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c/o Proudfoot & Jones

Aug 30 1869
To: Isaac Baldwin McQuesten Hamilton, Ontario
From: Kingston, Ontario

My dear Flask,

I was awfully glad to receive yours of the 16th Inst, and would have answered it before had not all my time been taken up with my military duties. However I have finished with the Military school for the present, having passed my examination for a second class certificate on Friday last in a highly satisfactory manner, as you, no doubt, expected since you know my antecedents at the University, and of course remember what smashing examinations I need to pass particularly with Pernet. In a place where I am as well known as I am in Kingston I had not then the slightest difficulty in gathering a certificate of a good moral character, in fact the Mayor and corporation in their robes of office wished to accompany me to the Drill Shed, but as I knew that they would want to treat, and that might be too great a temptation for my tee-total principals to resist, I declined with thanks, told them that I would have asked them to drink, had it not been against my conscience, and as it was they must take the will for the deed.

I wrote to "Surly" some time ago but did not receive an answer, so I suppose either my letter or his answer must have gone astray, but as you say he is going up to spend a short time with you during this month, I will write to him immediately and ask him to stay over at Kingston on his way up, as though he no doubt fully deserves the name of "short and dirty" still he is a decent little chap and of course while he is under my care I will keep him from all the lusts of the flesh, the world and the devils and will do all I can for the good of his soul by godly precept and example.

Billy Bickford1 is at present at Pembroke on the Upper Ottawa, but intends to leave in a few days, as I learnt from a letter from Yank, which I received on Saturday. I don't know whether he intends to pay me a visit or not, as I have not heard from him for some time. Of all the fellows that promised to come and see me during the summer, the only one who has kept his promise is poor Henry Bickford, and he only staid [sic] a day or two. It is really too bad, why in the devil don't some of your fellows come down and cheer a fellow up. Very little has been going on in this city beloved by the Gods but the week before last was enlivened by a regatta and it was really very amusing to watch the exertions of the Jersey-clad oarsmen as they strove against each other with their [brooding?] oars of well grained-wood. When the winners came in one was about deafened by the bands thundering forth "the conquering Hero comes," and on the arrival of the second boat striking up the lively and sentimental anthem "Not For Joe"2 We are to have a regatta here for first-class yachts on the 1st of September but as yet I have heard of no entries but the Van Guard of Kingston.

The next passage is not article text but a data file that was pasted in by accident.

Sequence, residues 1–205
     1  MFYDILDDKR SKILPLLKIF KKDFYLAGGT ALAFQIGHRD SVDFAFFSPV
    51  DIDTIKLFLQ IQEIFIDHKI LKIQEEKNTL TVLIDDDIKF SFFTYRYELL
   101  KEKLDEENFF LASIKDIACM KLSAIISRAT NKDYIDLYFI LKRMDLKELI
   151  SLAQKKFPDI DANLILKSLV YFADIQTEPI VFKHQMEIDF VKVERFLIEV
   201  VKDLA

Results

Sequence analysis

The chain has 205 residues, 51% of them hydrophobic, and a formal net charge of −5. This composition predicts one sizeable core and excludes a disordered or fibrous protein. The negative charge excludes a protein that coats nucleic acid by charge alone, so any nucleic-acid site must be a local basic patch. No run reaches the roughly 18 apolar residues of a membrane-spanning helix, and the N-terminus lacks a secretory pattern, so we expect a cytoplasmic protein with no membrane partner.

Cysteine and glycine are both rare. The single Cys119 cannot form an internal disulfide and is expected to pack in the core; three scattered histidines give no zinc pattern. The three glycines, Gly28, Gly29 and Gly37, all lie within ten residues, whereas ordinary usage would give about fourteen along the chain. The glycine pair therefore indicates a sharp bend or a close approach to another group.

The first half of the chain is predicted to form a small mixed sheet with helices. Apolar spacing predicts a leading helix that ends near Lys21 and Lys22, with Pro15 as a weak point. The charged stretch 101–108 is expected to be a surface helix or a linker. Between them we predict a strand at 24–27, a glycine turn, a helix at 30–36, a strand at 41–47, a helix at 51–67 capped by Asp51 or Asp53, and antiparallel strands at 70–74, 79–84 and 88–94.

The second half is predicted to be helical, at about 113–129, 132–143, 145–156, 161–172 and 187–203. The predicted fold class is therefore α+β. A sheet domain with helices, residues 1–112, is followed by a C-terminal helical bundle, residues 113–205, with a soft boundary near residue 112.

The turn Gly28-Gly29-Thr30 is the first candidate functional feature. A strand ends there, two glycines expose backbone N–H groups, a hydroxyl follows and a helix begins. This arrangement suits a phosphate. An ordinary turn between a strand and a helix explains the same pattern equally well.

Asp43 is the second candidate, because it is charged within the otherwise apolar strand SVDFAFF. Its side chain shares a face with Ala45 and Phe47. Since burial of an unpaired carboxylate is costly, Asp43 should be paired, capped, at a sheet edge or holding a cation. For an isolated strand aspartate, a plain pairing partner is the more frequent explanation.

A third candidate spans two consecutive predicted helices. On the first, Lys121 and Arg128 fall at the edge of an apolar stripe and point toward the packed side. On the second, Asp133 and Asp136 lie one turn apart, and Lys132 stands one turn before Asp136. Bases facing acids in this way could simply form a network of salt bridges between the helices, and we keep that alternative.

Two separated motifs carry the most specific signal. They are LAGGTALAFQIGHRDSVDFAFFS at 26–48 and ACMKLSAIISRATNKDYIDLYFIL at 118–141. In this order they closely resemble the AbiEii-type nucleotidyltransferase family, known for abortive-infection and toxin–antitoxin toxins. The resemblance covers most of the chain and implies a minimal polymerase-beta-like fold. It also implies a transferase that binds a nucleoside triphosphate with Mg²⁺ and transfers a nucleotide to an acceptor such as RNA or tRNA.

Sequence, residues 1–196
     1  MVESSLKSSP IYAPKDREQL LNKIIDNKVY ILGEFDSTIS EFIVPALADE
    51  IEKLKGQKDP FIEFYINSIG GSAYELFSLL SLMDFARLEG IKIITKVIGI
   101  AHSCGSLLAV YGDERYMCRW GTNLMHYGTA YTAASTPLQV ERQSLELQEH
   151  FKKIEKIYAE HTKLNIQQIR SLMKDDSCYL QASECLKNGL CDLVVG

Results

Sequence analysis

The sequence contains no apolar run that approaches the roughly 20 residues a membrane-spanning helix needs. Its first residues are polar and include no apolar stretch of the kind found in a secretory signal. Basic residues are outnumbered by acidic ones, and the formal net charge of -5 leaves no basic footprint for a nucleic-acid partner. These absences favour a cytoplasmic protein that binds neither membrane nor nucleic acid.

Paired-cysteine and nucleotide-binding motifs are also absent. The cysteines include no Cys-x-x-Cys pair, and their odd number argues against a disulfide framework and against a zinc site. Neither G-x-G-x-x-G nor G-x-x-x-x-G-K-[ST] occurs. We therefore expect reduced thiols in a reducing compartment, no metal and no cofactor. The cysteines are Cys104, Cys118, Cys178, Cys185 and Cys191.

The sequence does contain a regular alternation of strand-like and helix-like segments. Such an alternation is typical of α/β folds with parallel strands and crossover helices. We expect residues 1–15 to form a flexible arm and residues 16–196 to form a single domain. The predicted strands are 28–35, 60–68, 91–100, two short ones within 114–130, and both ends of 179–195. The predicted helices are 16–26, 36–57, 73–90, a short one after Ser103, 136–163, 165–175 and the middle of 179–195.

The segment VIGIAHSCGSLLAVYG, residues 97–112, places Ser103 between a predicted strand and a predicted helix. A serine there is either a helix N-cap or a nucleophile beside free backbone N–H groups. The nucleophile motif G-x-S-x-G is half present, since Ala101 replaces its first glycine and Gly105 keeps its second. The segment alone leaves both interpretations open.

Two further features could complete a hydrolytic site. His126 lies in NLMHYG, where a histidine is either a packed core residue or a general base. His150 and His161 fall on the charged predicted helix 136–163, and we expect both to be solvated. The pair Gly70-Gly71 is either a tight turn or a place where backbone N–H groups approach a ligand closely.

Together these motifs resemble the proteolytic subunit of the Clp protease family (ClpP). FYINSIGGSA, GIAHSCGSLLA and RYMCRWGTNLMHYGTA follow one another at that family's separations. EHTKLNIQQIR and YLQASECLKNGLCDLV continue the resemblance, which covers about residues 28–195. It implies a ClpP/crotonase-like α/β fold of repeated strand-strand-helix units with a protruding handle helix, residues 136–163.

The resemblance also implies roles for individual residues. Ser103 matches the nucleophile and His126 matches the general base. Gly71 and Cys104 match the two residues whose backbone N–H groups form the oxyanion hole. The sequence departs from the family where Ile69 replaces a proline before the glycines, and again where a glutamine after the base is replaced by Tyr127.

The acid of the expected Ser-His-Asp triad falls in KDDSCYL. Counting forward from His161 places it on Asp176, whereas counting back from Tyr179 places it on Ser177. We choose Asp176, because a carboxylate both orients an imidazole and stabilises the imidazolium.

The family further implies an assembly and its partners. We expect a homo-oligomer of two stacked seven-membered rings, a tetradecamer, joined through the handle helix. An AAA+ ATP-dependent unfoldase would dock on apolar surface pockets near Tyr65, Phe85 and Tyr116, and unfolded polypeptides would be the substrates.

It was very wrong in you to delude poor Jeremy with the idea that the only way to get into the Residences was by the fence on No. 14, a boy, boy where do you expect to die when you go to [sic].

[Whang?] desires to be remembered and says if you will come down to Kingston he will promise to have a poker hot to receive you. I hardly think that I can run up to Hamilton just now but will if I can. Remember me to Bob Hope & [Alen??] McKenzie. I remain yours truly,

H. J. MacDonald

1 William Bickford was a friend of Isaac's from law school (see W-MCP5-6.256 and footnotes); Henry Bickford, who is mentioned later in this letter was very likely his brother. It seems that William and Henry did not get along well however. In W-MCP5-6.256, William writes to Isaac McQuesten

And now that I have fairly introduced the subject, let me assure you that the troubles intimated by the confessedly unbrotherly conduct you discerned are likely to diminish each coming yet by reason of a certain league and comment entered into a month or so ago...I will not conceal from you, my old friend, that absence of affection, which, through ties of blood, if from an other cause, ought to bind Henry and me.

2 "Not for Joe" was written by Arthur Lloyd (1839-1904). "His music can be heard on a Music hall web site dedicated to Arthur Lloyd, star of the halls and theatres themselves, London Pavilion."
"Not for Joe." January 5, 2004.

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Copyright 2002 Whitehern Historic House and Garden
The development of this website was directed by Mary Anderson, Ph.D. and Janelle Baldwin, M.A.
Please direct questions and comments to Mary Anderson, Ph.D.

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